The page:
One of the decisions I made early on in online networking was to become an “open networker” on LinkedIn. For those of you who don’t use LinkedIn, becoming an open networker is where you join a group and are added to a list of people who are open to connecting up with people. Other networkers can use this list to make contact with you. Three years on after becoming an open networker I have thousands of connections. Now I kind of regret it.

I say “kind of” because there are advantages to being an open networker. One is that it expands your list of contacts by the bucket load. That means you are able to research thousands, if not millions of people in your broader network. This is great if you want to use LinkedIn to understand people, where they work and how they may help you.

The down side of being an open networker is that I am fair game. Now I receive hundreds of emails from people I don’t know. Many of them have nothing to do with my business. People have assumed that since I am an open networker that I want to hear about their bridge building business in California or a great deal on grapes in Penang. I’m in Sydney and if you’re reading this, you know what I do. It sounds bizarre, because it is bizarre. I am simply being spammed. While I received a few interesting emails among all of these, I’m sure many more good contacts have been lost in the masses.

For me, one of the few things to come out this deluge of emails, is a bit more insight on email impact and ethics. I try to understand how people communicate and how to improve my own communication. When I’ve read these emails I’ve realised how easy it is to all sound the same. If I open an email, it’s because it’s been a really clever or targeted email, and short and snappy, or the person sending it has “lucked on” a topic that has interested me.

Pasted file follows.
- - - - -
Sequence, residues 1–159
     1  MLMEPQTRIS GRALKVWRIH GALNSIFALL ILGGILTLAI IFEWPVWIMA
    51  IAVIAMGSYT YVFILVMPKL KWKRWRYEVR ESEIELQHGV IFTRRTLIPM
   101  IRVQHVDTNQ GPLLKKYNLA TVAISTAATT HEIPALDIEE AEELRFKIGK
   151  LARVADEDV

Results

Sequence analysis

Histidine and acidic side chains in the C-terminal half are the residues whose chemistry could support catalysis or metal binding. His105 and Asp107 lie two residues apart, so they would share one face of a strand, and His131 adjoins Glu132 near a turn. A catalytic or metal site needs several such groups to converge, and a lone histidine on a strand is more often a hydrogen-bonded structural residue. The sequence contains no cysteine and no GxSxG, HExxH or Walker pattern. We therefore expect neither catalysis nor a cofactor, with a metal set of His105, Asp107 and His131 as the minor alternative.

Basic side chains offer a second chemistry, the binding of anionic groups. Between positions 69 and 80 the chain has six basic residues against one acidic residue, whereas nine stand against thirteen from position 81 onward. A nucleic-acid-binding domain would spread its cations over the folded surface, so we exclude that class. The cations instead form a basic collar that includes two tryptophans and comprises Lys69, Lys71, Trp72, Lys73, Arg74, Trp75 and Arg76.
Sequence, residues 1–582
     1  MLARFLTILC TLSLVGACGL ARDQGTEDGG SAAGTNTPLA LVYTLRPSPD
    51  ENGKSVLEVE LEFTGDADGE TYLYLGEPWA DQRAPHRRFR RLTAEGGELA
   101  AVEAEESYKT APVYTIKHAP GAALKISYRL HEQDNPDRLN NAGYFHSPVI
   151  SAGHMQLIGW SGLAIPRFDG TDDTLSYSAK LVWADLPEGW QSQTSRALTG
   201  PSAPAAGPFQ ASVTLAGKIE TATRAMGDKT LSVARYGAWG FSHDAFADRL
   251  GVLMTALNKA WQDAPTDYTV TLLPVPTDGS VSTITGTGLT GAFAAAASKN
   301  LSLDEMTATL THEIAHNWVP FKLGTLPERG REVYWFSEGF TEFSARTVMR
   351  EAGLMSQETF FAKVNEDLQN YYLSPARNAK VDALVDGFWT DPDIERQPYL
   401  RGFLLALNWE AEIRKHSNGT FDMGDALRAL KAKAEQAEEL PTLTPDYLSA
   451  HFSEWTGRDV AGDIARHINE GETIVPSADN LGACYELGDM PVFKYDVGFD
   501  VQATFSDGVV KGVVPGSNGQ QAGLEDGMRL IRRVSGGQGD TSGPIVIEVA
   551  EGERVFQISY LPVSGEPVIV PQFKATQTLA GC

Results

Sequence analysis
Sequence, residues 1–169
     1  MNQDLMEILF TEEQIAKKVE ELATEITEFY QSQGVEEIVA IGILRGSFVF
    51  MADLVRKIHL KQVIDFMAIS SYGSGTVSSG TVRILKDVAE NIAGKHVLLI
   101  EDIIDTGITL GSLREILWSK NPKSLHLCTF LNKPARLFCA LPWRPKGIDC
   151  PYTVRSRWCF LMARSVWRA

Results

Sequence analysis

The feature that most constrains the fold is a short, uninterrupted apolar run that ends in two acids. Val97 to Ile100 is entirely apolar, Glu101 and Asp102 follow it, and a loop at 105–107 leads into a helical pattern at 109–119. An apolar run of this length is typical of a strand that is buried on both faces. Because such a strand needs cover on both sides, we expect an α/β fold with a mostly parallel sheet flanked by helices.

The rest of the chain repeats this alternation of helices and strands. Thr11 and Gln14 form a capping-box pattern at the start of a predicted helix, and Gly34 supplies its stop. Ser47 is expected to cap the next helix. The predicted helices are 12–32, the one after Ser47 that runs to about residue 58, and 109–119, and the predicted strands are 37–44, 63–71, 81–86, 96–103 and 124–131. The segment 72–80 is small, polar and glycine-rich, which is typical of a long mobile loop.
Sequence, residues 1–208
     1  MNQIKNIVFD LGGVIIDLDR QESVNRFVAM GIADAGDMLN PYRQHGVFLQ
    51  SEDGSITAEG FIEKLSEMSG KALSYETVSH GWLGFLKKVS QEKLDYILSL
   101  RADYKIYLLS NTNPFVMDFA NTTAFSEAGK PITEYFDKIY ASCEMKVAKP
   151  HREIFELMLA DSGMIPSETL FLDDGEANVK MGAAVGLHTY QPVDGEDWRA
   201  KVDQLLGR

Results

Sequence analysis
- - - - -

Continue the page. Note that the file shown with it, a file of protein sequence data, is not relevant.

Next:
With thousands of connections in my in box, I also find it hard to manage the masses. It’s a challenge to find people that I really care about and want to form deeper relationships with. (If anyone reading this has that secret, please let me know. I’d really appreciate it.)

Another thing that I didn’t think about when I opened myself up to contacts is how other people may view this when they look at my profile. Many headhunters I have spoken to say that they look at the richness of your connections and who’s in your network. With so many contacts I am sure I look either really impressive, or really indiscriminate.

My main take out of doing all of this is that I had hesitation about becoming an open networker. But I ignored my gut instinct. At the time I didn’t have a good reason not to do it. I now know from working within online networking, Twitter and social media, that the community influences the way people use the forum. So with LinkedIn, many people have seen people hooking up and emailing each other, seeming indiscriminately and it becomes the “done thing.” It snowballs.

What I do know is that I’m not generally a person that works a room and hands out my business card to 25 people, even at a professional networking event. I prefer to chat to two or three people and get to know them. Open networking seems to be a bit like that spray can kind of approach. I’m not saying that’s wrong. I just don’t think that’s my natural style.

My main take out of all of this, is my networking style worked for me one way offline, so I should have approached it that way online. Perhaps that’s a good rule of thumb for anyone, really.

RELATED: The Do’s and Don’ts of Professional Networking.

photo by: som3rsault

Karalyn Brown is a resume, interview and job search consultant based in Australia. She’s also an online careers agony aunty, writes frequently on career issues for a major Australian newspaper and talks job search tactics on the national broadcaster. You can visit her blog InterviewIQ or follow her on Twitter @InterviewIQ.

2 Comments

Leave a Reply

Your email address will not be published. Required fields are marked *

You may use these HTML tags and attributes: <a href="" title=""> <abbr title=""> <acronym title=""> <b> <blockquote cite=""> <cite> <code> <del datetime=""> <em> <i> <q cite=""> <strike> <strong>